Loft is BT's fingering weight yarn, so it's much lighter weight and makes for a thinner, slightly drapey-er material. You guys. I will give pause before I knit another sweater with fingering weight yarn. This sucker took me FOR . EV . ER! I think I cast on in the beginning of September? It's so long ago now I can't really remember! But let's go with September. And when I knit, I get pretty obsessive, so I was devoting a good amount of my free time to this baby. So six month. SIX MONTHS!! Egads! I blame it on the fingering weight yarn and size 4 needles. The fact that I'm a painfully slow knitter didn't help.
Sorry this photo is a bit out of focus. It was getting dark while I was shooting these, so my shutter speed was very slow. But anyway, The sleeves and hem are finished with a 1x1 twisted knit ribbing. I learned a thing or two while knitting this sweater - I mean, you're bound to learn a thing or two about anything if you do it for a straight six months! But one thing I learned is that I really prefer knitting in the round with 5 DPNs (double pointed needles). I had always used 4 (3 holding the stitches in a triangle shape, one used for knitting) in the past and could never figure out why I got such ugly laddering on the stitches where the needles joined, but then I read somewhere that if you switch to 5 DPNs those joining stitches have much less strain placed on them. It made sense to me, and it definitely made a difference in my sleeves!
The neckline is finished with an i-cord bind off. This was also new to me! For the first couple of stitches I kept thinking that I was just making a big messy knot, and then slowly it started to reveal itself and I got pretty psyched! It's a really pretty way to finish a neckline, and a nice alternative to ribbing.
As I was nearing the finish line with this sweater I began to suspect that I would run out of yarn. I guess that extra length I added really ate up a lot of my yarn! I just had 1 inch left of cuff ribbing and the i-cord bind off to go and I was down to a marble sized blob of yarn. I started to freak out a bit because the thought of buying a whole new skein just for that little bit of knitting seemed insane. When I lamented about this on Instagram (see, IG gets all the good knitting stuff) Samantha, of A Gathering of Stitches, suggested I try Ravelry to see if anyone was selling a leftover skein, which was a brilliant idea! Unfortunately I didn't have much luck - it seems that Thistle is not a very popular color! Who'd a thunk...? But I'm passing that little nugget of wisdom on to you guys, should you ever find yourself in a similar situation. Anyway I eventually had the thunderclap realization that I still had my two gauge squares stashed away somewhere. So I unraveled those and ended up with more than enough yarn to finish my sweater! I ran out of my original ball of yarn while I was binding off the cuff edge, which was super inconvenient, but it did force me to learn how to do a spit join (or spit splice), which is magic! Why have I not been doing that all along?!? I could have been saving myself from so much tedious tail weaving-in! Again... the things you learn...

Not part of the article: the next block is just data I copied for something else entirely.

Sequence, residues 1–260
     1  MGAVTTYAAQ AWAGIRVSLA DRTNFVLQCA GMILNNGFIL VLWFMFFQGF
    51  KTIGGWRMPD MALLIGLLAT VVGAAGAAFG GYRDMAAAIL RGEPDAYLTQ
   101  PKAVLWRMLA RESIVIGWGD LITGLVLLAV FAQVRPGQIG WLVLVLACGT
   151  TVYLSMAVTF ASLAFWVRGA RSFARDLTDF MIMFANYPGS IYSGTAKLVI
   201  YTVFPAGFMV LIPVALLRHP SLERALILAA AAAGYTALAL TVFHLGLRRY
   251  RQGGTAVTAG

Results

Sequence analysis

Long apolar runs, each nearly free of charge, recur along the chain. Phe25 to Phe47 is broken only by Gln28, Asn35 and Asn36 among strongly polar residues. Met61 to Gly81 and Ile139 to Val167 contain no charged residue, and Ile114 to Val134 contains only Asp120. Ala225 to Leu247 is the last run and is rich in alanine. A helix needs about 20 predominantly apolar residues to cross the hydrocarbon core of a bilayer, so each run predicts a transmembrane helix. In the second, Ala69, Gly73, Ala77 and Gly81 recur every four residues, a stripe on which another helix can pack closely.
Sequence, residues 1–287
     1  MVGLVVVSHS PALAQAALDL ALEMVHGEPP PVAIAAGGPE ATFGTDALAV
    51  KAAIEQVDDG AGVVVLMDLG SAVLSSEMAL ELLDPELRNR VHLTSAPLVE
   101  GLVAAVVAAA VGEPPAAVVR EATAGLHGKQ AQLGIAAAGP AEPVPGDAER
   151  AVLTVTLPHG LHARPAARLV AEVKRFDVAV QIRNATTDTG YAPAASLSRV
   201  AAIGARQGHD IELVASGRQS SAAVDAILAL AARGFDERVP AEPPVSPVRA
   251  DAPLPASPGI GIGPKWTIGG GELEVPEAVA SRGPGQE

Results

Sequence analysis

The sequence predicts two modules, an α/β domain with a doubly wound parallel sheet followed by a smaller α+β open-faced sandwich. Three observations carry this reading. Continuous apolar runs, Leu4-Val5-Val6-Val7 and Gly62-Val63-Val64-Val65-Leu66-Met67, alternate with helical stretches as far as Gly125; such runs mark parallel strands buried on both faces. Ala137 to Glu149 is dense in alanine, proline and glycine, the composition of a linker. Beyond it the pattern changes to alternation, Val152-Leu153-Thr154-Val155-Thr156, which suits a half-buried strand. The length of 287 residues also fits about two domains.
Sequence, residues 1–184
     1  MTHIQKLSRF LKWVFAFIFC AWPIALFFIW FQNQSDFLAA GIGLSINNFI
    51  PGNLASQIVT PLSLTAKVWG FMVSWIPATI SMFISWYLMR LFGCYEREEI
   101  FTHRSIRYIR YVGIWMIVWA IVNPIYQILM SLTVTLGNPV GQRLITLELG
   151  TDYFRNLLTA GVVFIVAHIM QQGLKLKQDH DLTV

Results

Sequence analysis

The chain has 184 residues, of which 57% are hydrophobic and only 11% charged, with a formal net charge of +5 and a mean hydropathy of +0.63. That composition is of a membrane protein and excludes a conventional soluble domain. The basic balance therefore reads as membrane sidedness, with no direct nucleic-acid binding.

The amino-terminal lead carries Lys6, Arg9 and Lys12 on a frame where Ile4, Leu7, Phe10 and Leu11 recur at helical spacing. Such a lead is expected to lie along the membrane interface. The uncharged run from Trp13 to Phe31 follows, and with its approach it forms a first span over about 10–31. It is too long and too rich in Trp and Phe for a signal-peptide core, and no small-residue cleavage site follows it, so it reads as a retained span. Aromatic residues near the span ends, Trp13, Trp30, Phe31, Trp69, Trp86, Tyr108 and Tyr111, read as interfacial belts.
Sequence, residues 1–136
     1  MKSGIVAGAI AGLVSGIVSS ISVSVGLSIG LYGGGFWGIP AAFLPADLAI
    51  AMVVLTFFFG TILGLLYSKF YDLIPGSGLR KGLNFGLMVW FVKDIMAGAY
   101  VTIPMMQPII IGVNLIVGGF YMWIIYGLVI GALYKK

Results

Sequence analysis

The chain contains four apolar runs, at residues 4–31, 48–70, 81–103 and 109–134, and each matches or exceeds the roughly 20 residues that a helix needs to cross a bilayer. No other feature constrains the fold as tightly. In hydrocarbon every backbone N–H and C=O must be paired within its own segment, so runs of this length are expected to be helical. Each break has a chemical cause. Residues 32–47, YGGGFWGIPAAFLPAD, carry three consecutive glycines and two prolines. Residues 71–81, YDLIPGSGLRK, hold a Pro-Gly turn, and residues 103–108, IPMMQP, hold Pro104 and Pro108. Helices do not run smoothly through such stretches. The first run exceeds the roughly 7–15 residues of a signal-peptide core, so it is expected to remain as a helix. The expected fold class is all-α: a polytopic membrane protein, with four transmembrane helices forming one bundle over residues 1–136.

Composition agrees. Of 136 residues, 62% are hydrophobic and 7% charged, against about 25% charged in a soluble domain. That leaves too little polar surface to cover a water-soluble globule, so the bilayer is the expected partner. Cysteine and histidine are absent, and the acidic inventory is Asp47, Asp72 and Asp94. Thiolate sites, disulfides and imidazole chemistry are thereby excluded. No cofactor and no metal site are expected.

Well, I absolutely adore my new sweater! And I better after all the time it took away from other projects! Nick isn't too keen for me to jump into a new knitting project too quickly. He thinks I love my knitting more than him, but I think a bit of jealousy is healthy for a relationship. Keeps the sparks alive, ya know? So on that note, what do you think I should knit next??
Since I tend to really love Brooklyn Tweed's (and company's) aesthetic I had originally planned on moving on to Seacoast from Wool People 7. I love the elegant, wide, neckline and the clean lines, but after all the stockinette on this sweater started to bore me I thought maybe I should try something more challenging and Jared Flood's Backbay from the Fall 14 collection caught my eye. I definitely think Ondawa is the star of that collection, but the cute little bobbles, moss stitch, and overall classic look of Backbay really won me over. But then the Winter 15 collection came out and I became intrigued by Kusama! Although I can't tell yet if it's the pattern, or the styling of the model that I'm really into here... Obviously I need your help!
What are you guys knitting? And can someone please tell me if six months is an insane amount of time to spend knitting this sweater?